Diaspora City Project to offer homes in a green climate


RevealedTruth Properties is set to commence the Diaspora City project to offer green climate standard homes away from the usual pollution in the cities and its accompanying noises.

Over the past years, successive governments have designed housing projects to help address the age-old problem of Ghana’s housing deficit. Ghanaians have witnessed a lot of housing projects in the name of affordable housing; but most often, these initiatives are not actualised and they end up being stalled in the process.

It is against this background that an indigenous Ghanaian company is introducing Diaspora City, sited on a 300-acre land. It is a well-planned modern-designed community to provide a green environment, secure natural environment, renewable and sustainable energy and comfortable homeownership for anyone who desires to live in Ghana or own a home in Ghana from the Diaspora.

The ultra-modern green urban city is expected to avail its residents with world-class infrastructure, a serene environment, and on-site high spec amenities.

Located in Apirede Akwapim in the Eastern Region of Ghana, the Diaspora City development provides a lot of amenities including educational centres, a medical centre, shopping mall, transportation and shuttle services.

According to the Chief Executive Officer of RevealedTruth Properties, Bridgette Opoku Sarkodie, the designated area for the project is embedded in Apirede – a town in the Akwapim range that boasts natural mountains covered with thick greenery. “What makes its location prime is its proximity to Koforidua, Somanya and Aburi – all within the range of an about-one-hour drive from the Kotoka International Airport.”

Touching on how the project came into reality, she said they saw an opportunity and a gap to fill when it came to housing for people who live and work abroad and want to come back and settle or need a home here

“Now there is a cry for a green environment, and we have realised that when you live in such an environment it naturally prolongs your life; diseases go down and it generally ensures a better quality of life, and so we decided to explore. We decided to build for those coming from the diaspora so they can have a better natural environment when it comes to the weather; and also put in place that kind of community and neighbourhood setting, since those abroad always live together in communities.”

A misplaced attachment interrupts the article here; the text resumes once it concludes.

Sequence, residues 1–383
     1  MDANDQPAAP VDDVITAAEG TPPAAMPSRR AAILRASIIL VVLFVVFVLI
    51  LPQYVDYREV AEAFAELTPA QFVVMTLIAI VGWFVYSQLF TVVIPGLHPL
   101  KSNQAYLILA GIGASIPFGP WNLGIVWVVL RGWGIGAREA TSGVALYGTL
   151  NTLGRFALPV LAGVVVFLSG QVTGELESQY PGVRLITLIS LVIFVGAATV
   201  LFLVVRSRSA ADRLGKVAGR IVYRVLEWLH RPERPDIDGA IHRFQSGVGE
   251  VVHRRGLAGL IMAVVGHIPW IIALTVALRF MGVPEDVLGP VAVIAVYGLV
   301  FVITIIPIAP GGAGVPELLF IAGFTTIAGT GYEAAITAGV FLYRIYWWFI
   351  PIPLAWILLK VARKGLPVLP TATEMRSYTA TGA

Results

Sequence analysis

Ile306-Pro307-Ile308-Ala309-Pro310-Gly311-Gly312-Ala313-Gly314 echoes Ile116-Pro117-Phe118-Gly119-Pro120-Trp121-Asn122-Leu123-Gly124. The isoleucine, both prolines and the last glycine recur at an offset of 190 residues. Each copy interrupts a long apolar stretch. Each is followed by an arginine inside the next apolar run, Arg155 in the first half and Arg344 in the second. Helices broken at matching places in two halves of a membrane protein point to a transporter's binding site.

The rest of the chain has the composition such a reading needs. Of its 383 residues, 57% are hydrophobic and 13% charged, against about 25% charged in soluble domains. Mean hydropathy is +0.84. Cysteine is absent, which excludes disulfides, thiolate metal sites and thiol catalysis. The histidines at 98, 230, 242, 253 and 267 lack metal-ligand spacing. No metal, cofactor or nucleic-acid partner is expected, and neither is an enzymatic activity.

Touching on Ghana’s housing problems, she lamented that though a lot of housing projects have come and gone, nothing has come out of such initiatives.

“From the records, we know that Ghana’s housing deficit stands at two million units; and it is because not much has been done. Most of what has been done in the past four years has been the affordable housing; all the years for over 20 years its been affordable housing; however, most of them have not actualised as such. Now when you don’t have enough housing units for your natives or nationals to sleep in, how do you invite people from the diaspora to come and settle here?

“Most of them, when they are coming back, want something comparable to what they have over there – or even better when it comes to the environment or facilities. These people expect a certain kind of lifestyle, weather-wise or even the facilities they use. You don’t see lights going off abroad; you don’t see any water problems there. So if they come here and you put them in an environment like that, it becomes difficult for them to stay. Most of the homes that we have here should meet standards that you can probably get inEurope or the USA,” she said.

She said with the Diaspora City project, the ultra-modern green urban city with world-class infrastructure, serene environment and on-site high spec amenities will address these challenges diaspora returnees face when they resettle in Ghana.

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